Paul wrote this verse for the benefit of the weaker brethren, those who have a weak conscience and lack the spiritual knowledge of the opening six verses. Father God accepts us on the basis of faith in Christ. “We are accepted in the beloved” (Ephesians 1:6). God does not accept us on the basis of whether or not we eat food offered to idols. The weaker Christian thinks this way because he has not yet come to a firm understanding of sound Bible doctrine. A Christian with a weak conscience will assume he should avoid the food, lest God reject him for being “defiled,” “idolatrous,” or “unclean.” Weaker Christians should come to see the matter the way God sees it and the way mature Christians see it. “But meat commendeth us not to God: for neither, if we eat, are we the better; neither, if we eat not, are we the worse.” “Commendeth” means, “set forth for approval.” God does not think less of Christians who eat meat offered to idols. He does not think more of Christians who refrain from eating such meat. God is looking for a right heart attitude. Was it done by faith in His Word, or without faith and under peer pressure? Father God is looking for faith and not doubt. Romans 14:23: “And he that doubteth is damned if he eat, because he eateth not of faith: for whatsoever is not of faith is sin.”

Verse 9: “But take heed lest by any means this liberty of yours become a stumblingblock to them that are weak.”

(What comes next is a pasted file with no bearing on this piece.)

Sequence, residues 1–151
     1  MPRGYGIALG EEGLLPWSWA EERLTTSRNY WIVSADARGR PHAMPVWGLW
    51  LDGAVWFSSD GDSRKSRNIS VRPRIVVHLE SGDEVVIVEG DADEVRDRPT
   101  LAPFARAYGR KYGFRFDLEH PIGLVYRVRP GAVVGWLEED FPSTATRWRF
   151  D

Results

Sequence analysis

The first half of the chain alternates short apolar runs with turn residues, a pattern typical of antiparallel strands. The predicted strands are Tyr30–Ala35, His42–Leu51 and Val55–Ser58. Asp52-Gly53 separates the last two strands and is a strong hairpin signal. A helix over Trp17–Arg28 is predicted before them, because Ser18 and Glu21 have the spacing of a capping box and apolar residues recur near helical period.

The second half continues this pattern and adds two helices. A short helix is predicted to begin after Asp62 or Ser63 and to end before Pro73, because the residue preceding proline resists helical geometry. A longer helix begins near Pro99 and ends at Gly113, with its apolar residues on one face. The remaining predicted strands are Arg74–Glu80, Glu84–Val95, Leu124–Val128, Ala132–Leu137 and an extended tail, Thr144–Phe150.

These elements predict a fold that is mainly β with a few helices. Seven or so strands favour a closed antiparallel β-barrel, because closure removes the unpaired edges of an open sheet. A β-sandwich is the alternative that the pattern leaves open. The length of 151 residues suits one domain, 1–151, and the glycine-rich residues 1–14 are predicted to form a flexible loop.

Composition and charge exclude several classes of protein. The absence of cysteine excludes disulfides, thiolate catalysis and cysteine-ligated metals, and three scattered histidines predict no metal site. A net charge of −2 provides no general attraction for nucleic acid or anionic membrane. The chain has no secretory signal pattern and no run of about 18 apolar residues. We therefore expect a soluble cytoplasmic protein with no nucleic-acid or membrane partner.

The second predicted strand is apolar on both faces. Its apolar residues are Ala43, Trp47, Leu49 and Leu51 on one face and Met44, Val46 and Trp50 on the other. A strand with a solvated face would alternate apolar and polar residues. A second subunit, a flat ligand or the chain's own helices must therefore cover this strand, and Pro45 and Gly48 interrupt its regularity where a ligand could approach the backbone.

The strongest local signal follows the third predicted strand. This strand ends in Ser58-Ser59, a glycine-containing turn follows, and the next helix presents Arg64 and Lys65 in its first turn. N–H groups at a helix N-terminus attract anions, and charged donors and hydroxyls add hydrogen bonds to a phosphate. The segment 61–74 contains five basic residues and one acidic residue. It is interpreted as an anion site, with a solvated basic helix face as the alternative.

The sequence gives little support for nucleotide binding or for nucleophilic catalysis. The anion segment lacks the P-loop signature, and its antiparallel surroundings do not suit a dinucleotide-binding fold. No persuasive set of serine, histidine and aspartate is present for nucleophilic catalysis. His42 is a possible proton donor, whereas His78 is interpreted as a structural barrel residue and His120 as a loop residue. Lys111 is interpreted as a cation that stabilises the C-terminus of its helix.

Notice, this is a warning given to Christians who have knowledge about idols being nothing in the world and things offered to idols not being contaminated. While verse 8 is true (“But meat commendeth us not to God: for neither, if we eat, are we the better; neither, if we eat not, are we the worse.”), the weaker brother has yet to grasp it. Consequently, the stronger brother is to take heed, beware, that he uses his knowledge charitably (verse 1). The stronger brother is aware of his liberty to eat things offered to idols without being polluted internally. He knows eating the meat offered to idols is separate and distinct from worshipping the idol. The idols are nothing; the food is still edible, unaffected. However, if he does not use his freedom wisely, he will become a stumblingblock to his weaker brother. The stronger brother is to live in order to edify others (particularly weaker Christians). Instead of tearing them down, he is to build them up spiritually. If the stronger brother does not act charitably, exercising knowledge in a way that will benefit those around him, the weaker brethren will stumble. The stronger brother, although claiming to know so much, although having such a high opinion of himself concerning knowledge of things offered to idols, had no idea how much damage he would inflict upon his weaker Christian brother for behaving foolishly concerning things offered to idols (verse 2). This will be explained in the next few verses.